University ranking system under scrutiny

By Ralph Marnham

The university rankings that are announced each autumn have been met with increasing levels of attention from academic institutions around the world. When Cambridge beat Harvard for the number one spot in the QS World University Ranking System this September, they put out a press release. Likewise, when Harvard topped the Times Education Supplement two weeks later, it was their turn to boast.

However, the news that Alexandria was placed 147th on the list was cause for both celebration and puzzlement. The university website was quick to point out that it was the only Arab university in the world’s top 200. Researchers who looked behind the headlines noticed that the list also ranked Alexandria fourth in the world in a subcategory that weighed the impact of a university’s research – behind only Caltech, MIT and Princeton, and ahead of both Harvard and Stanford. Richard Holmes, who teaches at the Universiti Teknologi MARA in Malaysia, wrote on his University Ranking Watch blog that the overall result had been skewed by “one indicator, citations, which accounted for 32.5 percent of the total weighting.”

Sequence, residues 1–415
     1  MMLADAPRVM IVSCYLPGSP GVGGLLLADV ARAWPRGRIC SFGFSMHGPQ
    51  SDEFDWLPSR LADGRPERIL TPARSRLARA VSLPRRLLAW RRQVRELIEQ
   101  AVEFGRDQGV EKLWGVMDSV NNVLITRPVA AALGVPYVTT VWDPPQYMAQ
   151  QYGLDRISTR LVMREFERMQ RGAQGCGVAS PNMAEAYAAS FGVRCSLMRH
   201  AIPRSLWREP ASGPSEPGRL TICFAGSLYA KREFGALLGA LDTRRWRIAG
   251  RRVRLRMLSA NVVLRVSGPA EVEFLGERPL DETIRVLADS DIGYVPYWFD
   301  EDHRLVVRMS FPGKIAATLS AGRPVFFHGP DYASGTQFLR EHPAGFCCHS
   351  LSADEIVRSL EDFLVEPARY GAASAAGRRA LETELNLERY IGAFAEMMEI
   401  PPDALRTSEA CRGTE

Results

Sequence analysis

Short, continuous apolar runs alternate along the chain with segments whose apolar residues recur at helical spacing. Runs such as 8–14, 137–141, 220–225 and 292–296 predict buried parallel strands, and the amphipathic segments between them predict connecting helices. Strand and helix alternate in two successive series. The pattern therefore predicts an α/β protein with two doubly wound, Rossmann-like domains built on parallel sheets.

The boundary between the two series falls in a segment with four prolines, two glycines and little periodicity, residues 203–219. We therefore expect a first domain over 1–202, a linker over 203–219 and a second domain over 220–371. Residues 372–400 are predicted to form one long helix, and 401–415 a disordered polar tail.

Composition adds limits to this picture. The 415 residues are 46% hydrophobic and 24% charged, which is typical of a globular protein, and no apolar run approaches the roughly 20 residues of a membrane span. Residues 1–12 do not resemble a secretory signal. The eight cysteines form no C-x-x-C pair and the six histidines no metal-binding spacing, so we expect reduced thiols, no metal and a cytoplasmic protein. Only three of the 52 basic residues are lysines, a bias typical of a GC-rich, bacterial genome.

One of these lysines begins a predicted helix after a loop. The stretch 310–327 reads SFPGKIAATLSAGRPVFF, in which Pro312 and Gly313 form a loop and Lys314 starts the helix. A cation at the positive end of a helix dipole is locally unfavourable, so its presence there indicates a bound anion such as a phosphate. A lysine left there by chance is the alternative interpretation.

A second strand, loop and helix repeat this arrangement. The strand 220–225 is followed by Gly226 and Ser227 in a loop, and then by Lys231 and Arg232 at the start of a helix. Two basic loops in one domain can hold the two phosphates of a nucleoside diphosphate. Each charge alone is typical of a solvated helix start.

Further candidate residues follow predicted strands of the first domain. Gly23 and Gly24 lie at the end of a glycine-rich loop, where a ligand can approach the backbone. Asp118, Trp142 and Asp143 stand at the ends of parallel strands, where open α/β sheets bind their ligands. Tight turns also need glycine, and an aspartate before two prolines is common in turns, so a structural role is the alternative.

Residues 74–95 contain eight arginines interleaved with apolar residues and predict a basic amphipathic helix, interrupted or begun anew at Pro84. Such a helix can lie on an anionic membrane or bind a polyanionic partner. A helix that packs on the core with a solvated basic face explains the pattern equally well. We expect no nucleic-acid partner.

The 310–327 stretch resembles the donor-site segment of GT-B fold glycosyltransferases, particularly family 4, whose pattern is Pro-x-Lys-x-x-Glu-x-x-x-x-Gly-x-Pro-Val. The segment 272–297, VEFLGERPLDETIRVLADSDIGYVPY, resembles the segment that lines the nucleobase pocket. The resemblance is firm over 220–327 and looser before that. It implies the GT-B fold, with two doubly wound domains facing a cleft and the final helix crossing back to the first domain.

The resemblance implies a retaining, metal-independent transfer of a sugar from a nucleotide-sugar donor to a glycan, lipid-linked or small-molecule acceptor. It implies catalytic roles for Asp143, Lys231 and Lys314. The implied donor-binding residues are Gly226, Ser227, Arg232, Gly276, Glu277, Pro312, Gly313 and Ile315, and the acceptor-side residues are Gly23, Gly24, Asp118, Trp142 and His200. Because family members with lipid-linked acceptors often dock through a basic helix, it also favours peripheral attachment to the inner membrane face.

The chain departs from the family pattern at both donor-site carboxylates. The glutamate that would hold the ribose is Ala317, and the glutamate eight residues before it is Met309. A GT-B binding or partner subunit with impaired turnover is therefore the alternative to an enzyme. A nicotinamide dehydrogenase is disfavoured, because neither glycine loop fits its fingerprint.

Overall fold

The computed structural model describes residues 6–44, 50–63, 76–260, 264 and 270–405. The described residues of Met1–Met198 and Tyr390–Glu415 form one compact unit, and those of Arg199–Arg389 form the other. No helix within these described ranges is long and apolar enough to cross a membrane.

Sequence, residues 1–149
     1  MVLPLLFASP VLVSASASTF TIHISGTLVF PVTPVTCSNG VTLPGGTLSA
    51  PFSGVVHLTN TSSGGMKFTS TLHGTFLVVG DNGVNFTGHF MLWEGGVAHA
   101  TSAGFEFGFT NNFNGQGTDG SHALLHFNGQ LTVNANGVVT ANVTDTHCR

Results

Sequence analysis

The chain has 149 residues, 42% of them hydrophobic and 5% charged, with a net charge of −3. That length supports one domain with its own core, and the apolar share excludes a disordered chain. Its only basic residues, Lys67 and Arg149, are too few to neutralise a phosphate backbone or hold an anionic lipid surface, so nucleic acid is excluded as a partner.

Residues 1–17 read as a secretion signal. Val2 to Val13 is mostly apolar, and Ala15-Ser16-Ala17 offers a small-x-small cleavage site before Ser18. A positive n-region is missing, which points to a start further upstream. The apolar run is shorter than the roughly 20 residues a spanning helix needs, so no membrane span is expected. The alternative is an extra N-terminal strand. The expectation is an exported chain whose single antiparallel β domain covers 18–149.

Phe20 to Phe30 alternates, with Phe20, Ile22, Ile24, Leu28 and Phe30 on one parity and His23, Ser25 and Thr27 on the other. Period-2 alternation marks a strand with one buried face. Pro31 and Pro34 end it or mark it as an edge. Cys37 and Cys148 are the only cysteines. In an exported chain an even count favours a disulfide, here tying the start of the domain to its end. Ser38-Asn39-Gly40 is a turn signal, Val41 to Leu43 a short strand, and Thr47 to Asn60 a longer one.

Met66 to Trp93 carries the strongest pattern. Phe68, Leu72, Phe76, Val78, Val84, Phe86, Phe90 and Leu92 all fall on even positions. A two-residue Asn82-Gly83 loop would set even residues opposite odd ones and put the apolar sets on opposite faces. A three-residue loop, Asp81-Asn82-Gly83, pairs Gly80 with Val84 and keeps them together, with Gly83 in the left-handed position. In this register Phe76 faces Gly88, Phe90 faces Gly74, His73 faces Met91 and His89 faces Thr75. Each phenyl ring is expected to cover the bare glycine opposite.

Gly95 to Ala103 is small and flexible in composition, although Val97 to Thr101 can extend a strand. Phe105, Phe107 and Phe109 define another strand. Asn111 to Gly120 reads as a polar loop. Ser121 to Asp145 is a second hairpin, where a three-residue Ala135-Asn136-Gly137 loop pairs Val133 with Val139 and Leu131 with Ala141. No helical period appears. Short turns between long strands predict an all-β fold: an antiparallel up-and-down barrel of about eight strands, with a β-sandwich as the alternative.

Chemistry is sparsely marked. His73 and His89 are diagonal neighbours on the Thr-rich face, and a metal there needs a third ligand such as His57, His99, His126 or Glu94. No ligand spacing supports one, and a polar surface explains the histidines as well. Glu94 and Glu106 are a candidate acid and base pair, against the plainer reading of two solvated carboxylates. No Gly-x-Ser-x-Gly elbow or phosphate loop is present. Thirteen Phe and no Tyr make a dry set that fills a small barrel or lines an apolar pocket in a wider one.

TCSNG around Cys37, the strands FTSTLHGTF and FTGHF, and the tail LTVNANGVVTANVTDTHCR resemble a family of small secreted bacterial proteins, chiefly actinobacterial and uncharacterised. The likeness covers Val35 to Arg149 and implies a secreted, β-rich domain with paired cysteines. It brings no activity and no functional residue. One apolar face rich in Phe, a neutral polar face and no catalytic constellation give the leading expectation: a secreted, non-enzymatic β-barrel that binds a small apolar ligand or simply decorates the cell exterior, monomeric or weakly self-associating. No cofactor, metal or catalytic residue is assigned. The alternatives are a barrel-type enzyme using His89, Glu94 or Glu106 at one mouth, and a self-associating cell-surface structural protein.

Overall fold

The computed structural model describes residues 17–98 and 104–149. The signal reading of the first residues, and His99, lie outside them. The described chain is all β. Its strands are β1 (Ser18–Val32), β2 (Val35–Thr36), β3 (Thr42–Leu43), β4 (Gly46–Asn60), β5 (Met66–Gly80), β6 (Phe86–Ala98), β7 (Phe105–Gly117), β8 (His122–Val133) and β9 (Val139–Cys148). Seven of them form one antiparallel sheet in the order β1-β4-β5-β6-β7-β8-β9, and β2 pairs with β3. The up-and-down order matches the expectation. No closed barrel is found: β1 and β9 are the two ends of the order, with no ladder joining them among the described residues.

Phil Baty, deputy editor of the Times Higher Education supplement, acknowledged that Alexandria’s surprising prominence was actually due to “the high output from one scholar in one journal”. The academic was soon identified as Mohamed El Naschie, an Egyptian who published over 320 of his own articles in a scientific journal of which he was also the editor.

“The problem is we don’t know what we’re trying to measure,” said Ellen Hazelkorn, Dean of the Graduate Research School at the Dublin Institute of Technology and author of Rankings and the Reshaping of Higher Education, which is to be released this March. “We need cross-national comparative data that is meaningful. But we also need to know whether the way the data are collected makes it more useful or easier to game the system.”

Although this does demonstrate that rankings cannot be relied on, it does not seem to have diminished their popularity. It is undeniable that they have now become a permanent fixture in he educational landscape.